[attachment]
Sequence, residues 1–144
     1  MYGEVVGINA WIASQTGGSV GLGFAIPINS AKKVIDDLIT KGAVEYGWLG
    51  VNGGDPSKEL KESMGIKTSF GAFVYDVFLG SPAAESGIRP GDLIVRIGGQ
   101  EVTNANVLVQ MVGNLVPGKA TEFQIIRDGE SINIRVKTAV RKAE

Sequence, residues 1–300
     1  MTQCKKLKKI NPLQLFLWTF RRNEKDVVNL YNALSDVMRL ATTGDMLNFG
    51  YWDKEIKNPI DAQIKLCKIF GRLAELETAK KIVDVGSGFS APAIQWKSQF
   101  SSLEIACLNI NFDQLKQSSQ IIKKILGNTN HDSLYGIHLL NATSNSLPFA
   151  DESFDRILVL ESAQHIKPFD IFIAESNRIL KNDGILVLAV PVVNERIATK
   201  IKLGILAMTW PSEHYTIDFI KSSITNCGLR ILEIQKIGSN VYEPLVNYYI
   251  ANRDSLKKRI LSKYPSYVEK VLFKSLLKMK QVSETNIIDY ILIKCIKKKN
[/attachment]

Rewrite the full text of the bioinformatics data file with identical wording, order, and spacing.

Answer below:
Sequence, residues 1–144
     1  MYGEVVGINA WIASQTGGSV GLGFAIPINS AKKVIDDLIT KGAVEYGWLG
    51  VNGGDPSKEL KESMGIKTSF GAFVYDVFLG SPAAESGIRP GDLIVRIGGQ
   101  EVTNANVLVQ MVGNLVPGKA TEFQIIRDGE SINIRVKTAV RKAE

Sequence, residues 1–300
     1  MTQCKKLKKI NPLQLFLWTF RRNEKDVVNL YNALSDVMRL ATTGDMLNFG
    51  YWDKEIKNPI DAQIKLCKIF GRLAELETAK KIVDVGSGFS APAIQWKSQF
   101  SSLEIACLNI NFDQLKQSSQ IIKKILGNTN HDSLYGIHLL NATSNSLPFA
   151  DESFDRILVL ESAQHIKPFD IFIAESNRIL KNDGILVLAV PVVNERIATK
   201  IKLGILAMTW PSEHYTIDFI KSSITNCGLR ILEIQKIGSN VYEPLVNYYI
   251  ANRDSLKKRI LSKYPSYVEK VLFKSLLKMK QVSETNIIDY ILIKCIKKKN